This last week, a day after the pub date, for Grandfather Gandhi, I was out in the “field”—visiting classrooms, sharing the story behind the-story of Grandfather Gandhi (for more on how the book came to be, read this interview with Arun Gandhi and myself by Kirkus), reading the book, and talking to kids about choosing to live our lives as light and how to use our anger proactively.
At Newton Country Day, when I asked the girls (it’s an all-girls school) whether or not they had ever been pushed or shoved on the playground and pushed or shoved back I heard a chorus of “yeses.” I was proud of the audience, for telling the truth—which can be hard, when we know our behavior is not what the adult wants to hear or may disapprove of. This honest answer was brave and important, because it is only in telling the truth to ourselves, that we are able to look at our internal feelings and outer behaviors and make choices. Our discussion of lashing out “like lightning” when the conditions are ripe, did not stop there.
After a reading of the book, we discussed Arun’s anger. Participating in the talk with the girls, we discovered that Arun wasn’t just angry by being shoved during the soccer match, about what was happening in the moment. When I asked why else he may have been angry, one girl’s hand shot up. “His tutor was mean to him.” This was an eye-opener. I hadn’t thought of this before but it opened up a discussion on teacher expectations and family expectations, things the audience could relate to. We then went on to discuss the racial beatings Arun endured. We came to a conclusion that all of these things had been boiling around inside Arun for awhile and the moment on the soccer field was about more than just that moment and those circumstances. I asked the students to, when thinking about their own anger, to not just examine what was happening in the moment but to look back at the days, weeks, and months before and see if something had been bothering them that they choose to let out in the “lightning” moment.
During the Q&A the 5th and 6th grades had wonderful questions—including asking if I had ever gotten rejected as a writer—and later with librarian, Rebecca Kinney, we got down on our hands and knees and made color wheels, to model the feeling of concentration and peace that comes with sitting before a spinning wheel, an important instrument in Gandhi’s non-violent teachings and movement. This hands-on-activity was designed by Kirsten Cappy of Curious City.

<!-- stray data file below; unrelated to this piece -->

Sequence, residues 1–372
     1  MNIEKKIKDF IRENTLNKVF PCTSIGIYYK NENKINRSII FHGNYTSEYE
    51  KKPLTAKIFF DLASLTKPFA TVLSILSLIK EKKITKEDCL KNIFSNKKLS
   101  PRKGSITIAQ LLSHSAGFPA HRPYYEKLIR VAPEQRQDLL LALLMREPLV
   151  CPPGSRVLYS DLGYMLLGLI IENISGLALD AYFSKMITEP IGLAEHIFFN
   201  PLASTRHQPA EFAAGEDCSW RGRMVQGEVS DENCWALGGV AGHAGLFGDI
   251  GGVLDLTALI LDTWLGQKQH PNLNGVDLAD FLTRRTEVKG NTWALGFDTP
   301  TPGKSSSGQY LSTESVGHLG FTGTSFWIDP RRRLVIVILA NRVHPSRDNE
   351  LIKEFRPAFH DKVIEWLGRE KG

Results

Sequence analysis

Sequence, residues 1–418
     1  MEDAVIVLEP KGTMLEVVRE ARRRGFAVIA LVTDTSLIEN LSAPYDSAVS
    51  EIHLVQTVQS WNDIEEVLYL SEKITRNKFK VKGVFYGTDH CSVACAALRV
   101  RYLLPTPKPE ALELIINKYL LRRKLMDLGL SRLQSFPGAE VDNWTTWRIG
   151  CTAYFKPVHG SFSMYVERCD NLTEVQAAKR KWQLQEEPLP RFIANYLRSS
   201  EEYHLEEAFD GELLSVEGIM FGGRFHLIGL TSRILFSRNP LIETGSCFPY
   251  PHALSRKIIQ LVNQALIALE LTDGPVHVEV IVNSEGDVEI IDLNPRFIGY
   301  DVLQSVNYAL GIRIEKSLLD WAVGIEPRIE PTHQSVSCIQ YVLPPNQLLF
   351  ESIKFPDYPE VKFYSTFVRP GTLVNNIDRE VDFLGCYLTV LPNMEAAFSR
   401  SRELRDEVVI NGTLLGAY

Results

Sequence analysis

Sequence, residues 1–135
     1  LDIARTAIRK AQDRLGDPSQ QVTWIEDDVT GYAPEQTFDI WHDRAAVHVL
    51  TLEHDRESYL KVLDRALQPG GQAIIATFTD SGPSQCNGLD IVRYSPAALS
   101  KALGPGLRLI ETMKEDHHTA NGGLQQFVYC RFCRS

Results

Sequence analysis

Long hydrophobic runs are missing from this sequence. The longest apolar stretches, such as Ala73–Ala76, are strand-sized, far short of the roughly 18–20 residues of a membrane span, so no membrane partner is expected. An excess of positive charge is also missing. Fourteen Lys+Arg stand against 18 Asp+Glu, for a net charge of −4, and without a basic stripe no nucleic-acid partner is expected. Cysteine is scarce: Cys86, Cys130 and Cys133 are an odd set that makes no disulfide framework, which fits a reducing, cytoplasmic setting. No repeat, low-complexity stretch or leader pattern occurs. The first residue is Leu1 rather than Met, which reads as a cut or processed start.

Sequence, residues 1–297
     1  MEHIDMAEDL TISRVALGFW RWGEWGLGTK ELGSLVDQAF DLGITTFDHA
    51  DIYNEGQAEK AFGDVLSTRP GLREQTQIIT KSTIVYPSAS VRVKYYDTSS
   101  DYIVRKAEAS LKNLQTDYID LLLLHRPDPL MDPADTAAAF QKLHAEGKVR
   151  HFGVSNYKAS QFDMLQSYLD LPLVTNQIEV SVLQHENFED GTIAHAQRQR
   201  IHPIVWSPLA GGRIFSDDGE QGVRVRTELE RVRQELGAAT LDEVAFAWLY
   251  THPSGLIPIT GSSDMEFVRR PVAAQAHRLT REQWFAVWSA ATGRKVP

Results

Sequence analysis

On Friday, I visited Moses Brown School in Providence, Rhode Island. Here I talked to grades 2 through 5 at different times throughout the day—the last day before spring break! I’d heard horror stories of presenting to kids before vacations but the kids at Moses Brown were attentive, well-prepared by their school librarian, Laura Gladding, and were supported by informed teachers, as “peace” is part of the school’s mission.
Here, with the different age levels and multiple sessions, our discussions varied from presentation to presentation. Again, the kids in attendance, thought deeply and meaningfully about the story and we had eye-opening discussions on the emotional renderings in Evan Turk’s illustrations. One child brought up how when Arun was angry, his face was very big and the perspective close up. This comment had me realize how when we are angry, our emotions feel like they are consuming us and everything feels larger-than-life. Another child commented on how when Arun was feeling small and ashamed the perspective reflected this, as well. We examined the shadows, watching how Arun’s shadow grows to almost equal his grandfather’s by the book’s end. The kids were mesmerized by the “shadow monster” on the soccer field and at the moment Gandhi reaches up and grabs the lightning and transforms it into the thread to be fed into the spinning wheel.
Each class stood and we recited The Live Your Life as Light pledge. We talked about choosing light would not be easy, but the more we did, the easier it would become. We also spoke about how the more we give in to our anger, and let it control us, the easier it is to let our anger take over.
In two days, the over two-hundred kids, I met and the discussions we had more than illuminated new ideas and thoughts in me. I can’t wait until NYC and DC and Atlanta. More kids. More books. And more conversations about what matters most: lightning or lamp?